The memories of chairs

There’s a little field that I drive by almost everyday.  It’s framed by an old gray fence and a gravel drive, it’s pretty, but it’s not unlike any of the others around it.  Nothing about it ever set it apart from any of its neighbors.  Until today. Today, on a little hill in the middle of the field, there are two empty chairs.

It’s a funny thing about chairs; they hold a little bit of a story.  Today for the first time that field was different than the rest, today those chairs added a little bit of personality that made me wonder about the tales they’d have to tell. Were they placed there to watch children play, or horses run?  Do they hold the smiles and tears of love, or the laughter and stories of old friends?  Somehow it makes me smile that they were left there.  Maybe their guests will be back; maybe their story isn’t quite done.  Maybe when the playing, or the visiting was over, it was just too late to take them in, so they sat there empty all night, holding onto the shadows of the day before.

Today that field has changed, today it holds a memory.  Those chairs tell us, that at least for a little while, nothing at all was more important than just sitting.  Maybe it was a conversation years in the making, maybe there was no talking at all.

So I drive by, and  my mind wanders back to a couple of chairs sitting on the porch of a little red farm house, and the few short months that nothing in the world was more important than just sitting, and talking.  Time has passed, and in hindsight those days, sitting in those chairs, are some of my most cherished memories.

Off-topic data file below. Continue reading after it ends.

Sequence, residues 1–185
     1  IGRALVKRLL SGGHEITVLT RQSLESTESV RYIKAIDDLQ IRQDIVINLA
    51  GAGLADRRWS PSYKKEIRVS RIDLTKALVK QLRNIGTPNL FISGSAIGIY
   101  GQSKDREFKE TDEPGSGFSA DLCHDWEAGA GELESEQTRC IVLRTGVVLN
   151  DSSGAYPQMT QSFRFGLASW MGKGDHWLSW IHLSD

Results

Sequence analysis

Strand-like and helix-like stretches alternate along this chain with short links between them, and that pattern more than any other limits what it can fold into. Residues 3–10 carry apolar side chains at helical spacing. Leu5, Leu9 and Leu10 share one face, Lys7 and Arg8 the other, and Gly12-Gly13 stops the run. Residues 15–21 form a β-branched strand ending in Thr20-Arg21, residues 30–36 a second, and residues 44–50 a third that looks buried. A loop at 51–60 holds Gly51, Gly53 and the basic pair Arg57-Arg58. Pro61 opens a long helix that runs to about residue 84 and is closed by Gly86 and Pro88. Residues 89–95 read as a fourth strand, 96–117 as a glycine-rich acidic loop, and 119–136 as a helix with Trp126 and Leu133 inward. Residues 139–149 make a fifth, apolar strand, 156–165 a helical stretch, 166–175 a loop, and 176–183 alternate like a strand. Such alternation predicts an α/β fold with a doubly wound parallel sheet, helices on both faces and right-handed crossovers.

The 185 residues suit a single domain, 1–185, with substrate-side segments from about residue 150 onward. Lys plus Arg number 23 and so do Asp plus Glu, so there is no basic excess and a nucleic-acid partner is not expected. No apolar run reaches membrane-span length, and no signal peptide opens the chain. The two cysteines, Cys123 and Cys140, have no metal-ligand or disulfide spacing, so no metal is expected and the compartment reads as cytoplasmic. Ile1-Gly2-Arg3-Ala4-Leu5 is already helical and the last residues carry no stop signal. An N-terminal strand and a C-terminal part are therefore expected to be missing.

We spent so many hours in those chairs.  In the spring we watched a doe and her two fawns play on the hill across the road.  And as the summer sun grew warmer we watched the hummingbirds buzz by and the flowers bloom.   I smiled as Grandpa and Grandma watched grandkids play in the puddles and a seven year old show off his lawn mowing skills.

We shared stories and memories, and I wish I could remember every word.  We had coffee in the warm early morning sun, waved at neighbors as they drove by, and we laughed every chance we got.  When darkness came we watched the stars twinkle and wondered in silence what lay beyond in that endless night sky.

That summer I watched the strongest man I’ve ever known smile with pride when a tiny little girl climbed up on his lap and said, “hi Grandpa”, and I prayed that she’d remember sitting there with him.

By the time fall came our chairs were empty, the seasons of life had changed.

What would I see if I were to drive by that little house today?  Are there still chairs on that porch?  Are they filled with the laughter of someone else?  Do they know how important that moment is? Can they still feel our shadows?

Today those empty chairs in that pretty little field hit me hard and I take a deep breath. I fight back the tear that is forcing its way to the surface of my day, and I think about how much I would give for just one more day of sitting with my Dad on that front porch; one more day of stories and memories.  As for the keepers of those chairs, whoever they may be, I hope their story isn’t over.  I hope they come back and sit, talk, listen, laugh, cry, and realize that it just might be one of the most important things they’ve ever done.

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